How warm are political interactions? A new measure of affective fractionalization

Ansgar Hudde*, Will Horne, James Adams, Noam Gidron

*Corresponding author for this work

Research output: Contribution to journalArticlepeer-review


Affective polarization measures account for partisans’ feelings towards their own party versus its opponent(s), but not for how likely partisans are to encounter co-partisans versus out-partisans. However, the intensity of out-party dislike and the probability with which this comes into play both determine the social impact of cross-party hostility. We develop an affective fractionalization measure that accounts for both factors, and apply it to longitudinal survey data from 20 Western publics. From this perspective, countries with fewer dominant parties may be more harmonious because partisans have lower probabilities of interacting with political opponents. At the party level, partisans of smaller, more radical parties are particularly troubled because they strongly dislike out-partisans and have few co-partisans. Affective fractionalization has increased in most Western publics over time, primarily because of growing party-system fragmentation.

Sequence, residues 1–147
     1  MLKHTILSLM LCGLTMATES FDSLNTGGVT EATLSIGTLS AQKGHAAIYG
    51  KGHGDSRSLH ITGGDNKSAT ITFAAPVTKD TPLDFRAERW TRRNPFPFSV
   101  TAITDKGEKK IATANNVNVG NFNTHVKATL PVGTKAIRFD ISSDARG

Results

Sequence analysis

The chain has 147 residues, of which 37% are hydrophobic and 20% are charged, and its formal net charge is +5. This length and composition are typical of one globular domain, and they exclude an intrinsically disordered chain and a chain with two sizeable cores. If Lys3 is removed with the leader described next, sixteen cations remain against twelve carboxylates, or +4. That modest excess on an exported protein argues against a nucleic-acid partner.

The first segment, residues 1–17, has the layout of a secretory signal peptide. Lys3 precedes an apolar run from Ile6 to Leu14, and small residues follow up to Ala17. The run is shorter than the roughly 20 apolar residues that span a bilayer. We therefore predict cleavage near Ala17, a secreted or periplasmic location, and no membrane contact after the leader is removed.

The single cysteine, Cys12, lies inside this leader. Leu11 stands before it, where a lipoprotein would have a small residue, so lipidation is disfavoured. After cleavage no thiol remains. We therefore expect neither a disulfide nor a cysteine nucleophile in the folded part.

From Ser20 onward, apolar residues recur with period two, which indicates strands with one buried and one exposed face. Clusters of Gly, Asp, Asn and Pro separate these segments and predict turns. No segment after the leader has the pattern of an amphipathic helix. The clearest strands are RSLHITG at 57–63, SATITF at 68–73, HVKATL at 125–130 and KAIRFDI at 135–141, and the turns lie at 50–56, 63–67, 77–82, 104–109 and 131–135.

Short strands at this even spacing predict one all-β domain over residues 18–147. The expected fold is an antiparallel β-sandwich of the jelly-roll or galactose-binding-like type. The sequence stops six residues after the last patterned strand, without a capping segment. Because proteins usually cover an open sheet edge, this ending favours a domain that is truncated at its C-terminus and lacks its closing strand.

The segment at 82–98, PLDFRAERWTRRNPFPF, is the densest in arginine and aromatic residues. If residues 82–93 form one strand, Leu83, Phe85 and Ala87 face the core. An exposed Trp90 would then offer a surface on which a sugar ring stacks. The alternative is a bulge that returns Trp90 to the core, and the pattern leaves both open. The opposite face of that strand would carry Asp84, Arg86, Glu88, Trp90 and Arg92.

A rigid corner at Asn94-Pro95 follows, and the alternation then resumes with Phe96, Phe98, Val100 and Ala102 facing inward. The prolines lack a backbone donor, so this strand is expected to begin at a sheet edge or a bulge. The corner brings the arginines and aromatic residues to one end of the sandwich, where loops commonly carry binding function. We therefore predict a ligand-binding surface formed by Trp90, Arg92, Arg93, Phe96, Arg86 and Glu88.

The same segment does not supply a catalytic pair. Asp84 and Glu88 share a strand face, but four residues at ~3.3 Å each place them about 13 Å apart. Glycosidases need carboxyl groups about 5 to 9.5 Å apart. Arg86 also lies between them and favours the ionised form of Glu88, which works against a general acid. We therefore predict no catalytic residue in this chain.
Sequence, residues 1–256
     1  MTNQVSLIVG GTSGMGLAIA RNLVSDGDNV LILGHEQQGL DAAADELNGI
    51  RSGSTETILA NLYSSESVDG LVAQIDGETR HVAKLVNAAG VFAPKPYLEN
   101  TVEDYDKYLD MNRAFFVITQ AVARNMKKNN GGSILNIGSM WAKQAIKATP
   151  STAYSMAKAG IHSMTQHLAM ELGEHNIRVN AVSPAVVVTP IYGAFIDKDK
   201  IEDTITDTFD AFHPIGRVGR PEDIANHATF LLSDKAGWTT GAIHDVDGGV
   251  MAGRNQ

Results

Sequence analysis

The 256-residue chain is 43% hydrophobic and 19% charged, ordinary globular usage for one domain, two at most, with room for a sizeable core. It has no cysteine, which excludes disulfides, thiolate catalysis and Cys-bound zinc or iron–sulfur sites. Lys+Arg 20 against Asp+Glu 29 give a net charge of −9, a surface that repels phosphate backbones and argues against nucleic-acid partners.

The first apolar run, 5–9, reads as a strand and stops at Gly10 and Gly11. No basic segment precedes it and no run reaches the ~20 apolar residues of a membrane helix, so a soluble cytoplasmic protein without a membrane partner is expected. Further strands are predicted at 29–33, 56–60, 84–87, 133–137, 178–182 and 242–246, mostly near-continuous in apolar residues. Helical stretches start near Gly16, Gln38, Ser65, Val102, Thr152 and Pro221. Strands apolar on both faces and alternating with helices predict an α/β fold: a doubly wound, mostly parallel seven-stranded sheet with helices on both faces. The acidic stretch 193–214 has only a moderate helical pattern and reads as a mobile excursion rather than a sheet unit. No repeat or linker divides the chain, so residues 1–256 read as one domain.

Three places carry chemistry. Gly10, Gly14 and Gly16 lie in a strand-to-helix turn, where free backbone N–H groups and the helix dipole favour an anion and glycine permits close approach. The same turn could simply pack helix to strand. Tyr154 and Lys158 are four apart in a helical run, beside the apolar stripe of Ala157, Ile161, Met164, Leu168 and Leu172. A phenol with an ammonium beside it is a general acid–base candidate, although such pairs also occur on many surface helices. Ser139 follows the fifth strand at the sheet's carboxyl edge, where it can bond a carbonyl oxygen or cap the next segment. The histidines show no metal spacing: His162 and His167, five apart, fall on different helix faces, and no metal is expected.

Original languageAmerican English
Article numbere0294401
JournalPLoS ONE
Issue number5 May
StatePublished - May 2024

Bibliographical note

Publisher Copyright:
© 2024 Hudde et al. This is an open access article distributed under the terms of the Creative Commons Attribution License, which permits unrestricted use, distribution, and reproduction in any medium, provided the original author and source are credited.


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